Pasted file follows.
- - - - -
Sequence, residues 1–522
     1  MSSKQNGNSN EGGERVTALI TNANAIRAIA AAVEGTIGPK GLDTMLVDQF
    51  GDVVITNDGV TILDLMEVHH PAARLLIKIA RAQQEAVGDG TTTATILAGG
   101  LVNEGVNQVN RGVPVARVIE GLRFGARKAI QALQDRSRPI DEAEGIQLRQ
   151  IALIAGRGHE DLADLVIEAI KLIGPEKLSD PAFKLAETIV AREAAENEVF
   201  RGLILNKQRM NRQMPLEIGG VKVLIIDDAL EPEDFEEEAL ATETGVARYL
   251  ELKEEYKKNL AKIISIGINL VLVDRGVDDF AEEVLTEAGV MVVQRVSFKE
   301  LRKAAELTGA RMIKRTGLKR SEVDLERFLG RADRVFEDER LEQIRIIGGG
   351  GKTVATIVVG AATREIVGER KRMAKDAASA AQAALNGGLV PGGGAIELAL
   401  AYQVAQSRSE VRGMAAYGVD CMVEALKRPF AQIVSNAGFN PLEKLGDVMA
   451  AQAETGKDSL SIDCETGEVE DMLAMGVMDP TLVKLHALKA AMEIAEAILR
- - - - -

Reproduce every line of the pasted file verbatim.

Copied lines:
Sequence, residues 1–522
     1  MSSKQNGNSN EGGERVTALI TNANAIRAIA AAVEGTIGPK GLDTMLVDQF
    51  GDVVITNDGV TILDLMEVHH PAARLLIKIA RAQQEAVGDG TTTATILAGG
   101  LVNEGVNQVN RGVPVARVIE GLRFGARKAI QALQDRSRPI DEAEGIQLRQ
   151  IALIAGRGHE DLADLVIEAI KLIGPEKLSD PAFKLAETIV AREAAENEVF
   201  RGLILNKQRM NRQMPLEIGG VKVLIIDDAL EPEDFEEEAL ATETGVARYL
   251  ELKEEYKKNL AKIISIGINL VLVDRGVDDF AEEVLTEAGV MVVQRVSFKE
   301  LRKAAELTGA RMIKRTGLKR SEVDLERFLG RADRVFEDER LEQIRIIGGG
   351  GKTVATIVVG AATREIVGER KRMAKDAASA AQAALNGGLV PGGGAIELAL
   401  AYQVAQSRSE VRGMAAYGVD CMVEALKRPF AQIVSNAGFN PLEKLGDVMA
   451  AQAETGKDSL SIDCETGEVE DMLAMGVMDP TLVKLHALKA AMEIAEAILR